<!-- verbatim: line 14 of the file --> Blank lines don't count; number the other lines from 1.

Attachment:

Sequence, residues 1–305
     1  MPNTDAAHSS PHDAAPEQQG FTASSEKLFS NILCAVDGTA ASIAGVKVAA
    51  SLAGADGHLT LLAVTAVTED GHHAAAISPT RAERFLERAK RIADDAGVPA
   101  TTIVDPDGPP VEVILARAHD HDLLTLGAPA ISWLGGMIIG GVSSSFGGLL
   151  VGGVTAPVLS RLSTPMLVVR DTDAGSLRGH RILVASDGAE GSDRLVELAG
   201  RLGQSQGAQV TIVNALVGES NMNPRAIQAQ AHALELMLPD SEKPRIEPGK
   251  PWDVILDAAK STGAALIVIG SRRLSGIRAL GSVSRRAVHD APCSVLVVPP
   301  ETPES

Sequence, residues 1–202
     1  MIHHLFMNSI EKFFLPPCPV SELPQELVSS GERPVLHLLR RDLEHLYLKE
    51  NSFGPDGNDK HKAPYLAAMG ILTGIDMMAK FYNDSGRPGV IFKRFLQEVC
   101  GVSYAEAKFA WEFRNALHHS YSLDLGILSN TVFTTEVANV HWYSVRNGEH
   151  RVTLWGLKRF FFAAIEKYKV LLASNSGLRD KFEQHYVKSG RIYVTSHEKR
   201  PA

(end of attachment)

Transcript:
   201  PA